Ethics Advisory Opinion No. 04-01a

December 2, 2004
Amendment of Opinion No. 04-01: On March 29, 2004, the Utah Ethics Advisory Opinion Committee issued Utah Ethics Advisory Op. No. 04-01, 2004 WL 870583 (Utah St. Bar).1 The Office of Professional Conduct of the Utah State Bar filed a petition for review with the Board of Bar Commissioners pursuant to § III(e)(1) of the Ethics Advisory Opinion Committee Rules of Procedure and § VI(a)(1) of the Utah State Bar Rules Governing the Ethics Advisory Opinion Committee. The Commission asked the Committee to reconsider Opinion No. 04-01. Having reviewed the issues raised by the Office of Professional Conduct, we issue this amended opinion, which revises the conclusion and analysis of Opinion No. 04-01. Accordingly, this amended opinion replaces and supersedes Opinion No. 04-01.
Issue: What action, if any, may a lawyer for an employer ethically undertake on behalf of a vanished former employee who, along with the employer, has been named as a defendant in an action arising when the person was an employee?


Opinion
: The lawyer may not act on behalf of or purport to represent the vanished former employee unless the lawyer has an existing attorney-client relationship with the former employee or the former employee agreed to the representation prior to vanishing and, in either case, the lawyer complies with Rules 1.7 and 1.8(f) of the Utah Rules of Professional Conduct. The lawyer who represents the employer may engage in acts that may benefit the vanished former employee provided the lawyer makes it clear that he is acting on behalf of the employer as the employer’s lawyer and not on behalf of the vanished former employee as the former employee’s lawyer.
Facts: Plaintiff filed suit naming a company and its former employee as defendants. The company concedes that the former employee was acting in the course and scope of his employment and has asked the company’s lawyers to represent the missing former employee. The company is concerned that absence of a formal answer to the complaint by the former employee may result in a default judgment being entered against the absent former employee. We have no information about the reasons for the employee’s absence, but we assume that a reasonable effort has been made to locate the person and determine the reason for the absence. We also assume that, at this early stage of the proceeding, the interests of the employer and employee are not directly adverse with respect to the matter.2 The lawyer requesting this opinion also indicated that the employer has liability insurance that covers the incident giving rise to the lawsuit.3 The company has requested that the lawyer represent the vanished former employee.
Analysis: This case presents two competing concerns: On the one hand, a basic ingredient of the representation of a client is that, under Rule 1.4, the lawyer communicate with the client, keep the client informed about the status of the case, and provide sufficient information to the client that the client may make informed decisions; and, under Rule 1.2, the lawyer must abide by the client’s decisions regarding the goals of the representation. On the other hand, the interests of a party missing from a proceeding will go unprotected with an application of the Rules. The Rules of Professional Conduct are rules of reason,4 to be interpreted to further the administration of justice when the Rules are unclear. However, in this instance, we conclude the Rules are clear and must be applied despite arguments of countervailing public policy.5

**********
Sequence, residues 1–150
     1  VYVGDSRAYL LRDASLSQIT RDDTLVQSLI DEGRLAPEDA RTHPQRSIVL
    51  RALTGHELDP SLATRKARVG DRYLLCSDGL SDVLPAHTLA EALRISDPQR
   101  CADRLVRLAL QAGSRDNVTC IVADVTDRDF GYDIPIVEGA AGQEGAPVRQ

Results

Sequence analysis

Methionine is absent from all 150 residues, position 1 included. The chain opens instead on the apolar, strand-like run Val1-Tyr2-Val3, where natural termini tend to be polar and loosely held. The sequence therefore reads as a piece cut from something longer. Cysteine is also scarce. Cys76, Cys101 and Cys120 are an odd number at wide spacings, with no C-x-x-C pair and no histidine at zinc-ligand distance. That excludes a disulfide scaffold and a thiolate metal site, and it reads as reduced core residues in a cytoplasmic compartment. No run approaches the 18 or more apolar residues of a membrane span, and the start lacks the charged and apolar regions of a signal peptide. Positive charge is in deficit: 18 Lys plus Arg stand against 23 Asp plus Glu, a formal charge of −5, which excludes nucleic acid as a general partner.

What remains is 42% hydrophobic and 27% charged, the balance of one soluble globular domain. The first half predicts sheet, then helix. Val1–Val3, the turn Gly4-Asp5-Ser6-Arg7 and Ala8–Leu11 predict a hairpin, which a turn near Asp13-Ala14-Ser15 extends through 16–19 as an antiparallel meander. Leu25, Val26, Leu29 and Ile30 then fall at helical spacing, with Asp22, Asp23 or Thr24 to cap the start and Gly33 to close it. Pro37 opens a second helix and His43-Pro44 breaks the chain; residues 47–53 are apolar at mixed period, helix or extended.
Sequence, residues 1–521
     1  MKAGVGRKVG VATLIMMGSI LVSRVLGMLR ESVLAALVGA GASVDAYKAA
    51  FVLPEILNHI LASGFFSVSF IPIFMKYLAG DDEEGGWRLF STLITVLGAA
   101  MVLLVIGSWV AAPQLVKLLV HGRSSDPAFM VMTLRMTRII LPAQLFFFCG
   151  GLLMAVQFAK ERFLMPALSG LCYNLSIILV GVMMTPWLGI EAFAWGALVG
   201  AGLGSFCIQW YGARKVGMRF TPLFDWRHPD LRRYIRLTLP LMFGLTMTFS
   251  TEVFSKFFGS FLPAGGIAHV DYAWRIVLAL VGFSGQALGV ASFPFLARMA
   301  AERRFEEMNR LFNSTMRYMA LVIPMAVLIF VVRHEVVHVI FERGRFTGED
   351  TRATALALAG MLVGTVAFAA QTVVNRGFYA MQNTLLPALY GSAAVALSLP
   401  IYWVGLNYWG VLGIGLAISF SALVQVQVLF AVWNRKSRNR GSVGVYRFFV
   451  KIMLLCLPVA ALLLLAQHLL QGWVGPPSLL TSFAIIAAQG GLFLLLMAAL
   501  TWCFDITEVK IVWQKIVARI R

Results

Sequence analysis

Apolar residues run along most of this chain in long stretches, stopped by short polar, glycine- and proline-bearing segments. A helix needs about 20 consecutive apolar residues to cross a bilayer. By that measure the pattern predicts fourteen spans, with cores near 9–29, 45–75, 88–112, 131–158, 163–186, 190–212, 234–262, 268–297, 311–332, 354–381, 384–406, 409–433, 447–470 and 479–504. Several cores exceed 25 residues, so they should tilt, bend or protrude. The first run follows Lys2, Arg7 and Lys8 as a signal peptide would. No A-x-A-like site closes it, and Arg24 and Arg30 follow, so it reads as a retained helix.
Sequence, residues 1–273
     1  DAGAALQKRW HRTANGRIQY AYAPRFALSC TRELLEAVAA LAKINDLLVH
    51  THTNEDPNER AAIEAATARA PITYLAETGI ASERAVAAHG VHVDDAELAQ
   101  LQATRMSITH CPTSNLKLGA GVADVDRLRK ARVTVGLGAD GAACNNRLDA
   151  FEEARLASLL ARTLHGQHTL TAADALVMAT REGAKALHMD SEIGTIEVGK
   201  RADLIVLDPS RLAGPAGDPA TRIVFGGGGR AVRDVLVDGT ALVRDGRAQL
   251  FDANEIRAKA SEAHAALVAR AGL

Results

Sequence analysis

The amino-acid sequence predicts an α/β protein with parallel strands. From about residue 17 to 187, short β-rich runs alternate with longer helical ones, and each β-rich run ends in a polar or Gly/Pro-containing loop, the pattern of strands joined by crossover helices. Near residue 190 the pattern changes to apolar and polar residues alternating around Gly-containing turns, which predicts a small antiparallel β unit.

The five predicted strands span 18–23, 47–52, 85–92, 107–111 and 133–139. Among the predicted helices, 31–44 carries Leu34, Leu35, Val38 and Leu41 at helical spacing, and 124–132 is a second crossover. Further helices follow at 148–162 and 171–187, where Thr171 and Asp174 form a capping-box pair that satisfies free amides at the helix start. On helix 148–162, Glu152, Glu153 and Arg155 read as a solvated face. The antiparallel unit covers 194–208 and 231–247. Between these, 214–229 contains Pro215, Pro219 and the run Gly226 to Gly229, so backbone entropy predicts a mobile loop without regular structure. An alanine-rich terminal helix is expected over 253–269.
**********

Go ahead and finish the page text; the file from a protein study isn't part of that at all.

The employer’s lawyer may not purport to represent the vanished former employee or take action (including the filing of an answer or other papers with the court) as the vanished employee’s lawyer, unless the lawyer already has an existing attorney-client relationship or the former employee has agreed to the representation prior to vanishing, and the lawyer complies with the conflict-of-interest requirements of Rules 1.7 and 1.8(f). To do so would be a violation of Rules 1.2, 1.4 and 1.8 and, in some situations, Rules 1.7, 3.1 and 3.2.
The attorney-client relationship is grounded in principles of agency, which require that the agent (attorney) must be authorized to act for the principal (client) and that the principal must have control over the agent.6 The Rules of Professional Conduct reflect this principle. Rule 1.2 states that “[a] lawyer shall abide by a client’s decisions concerning the objectives of representation . . . and shall consult with the client as to the means by which they are to be pursued.” Under the facts here, the Committee assumes that the lawyer and client have not communicated at all. Thus, the lawyer cannot consult with the client regarding the objectives of the representation or the means by which to achieve those objectives.7
Rule 1.4 requires the attorney to maintain reasonable communication with the client. In situations in which the attorney has had no contact with the client, we believe the “reasonable” communication requirement cannot be satisfied.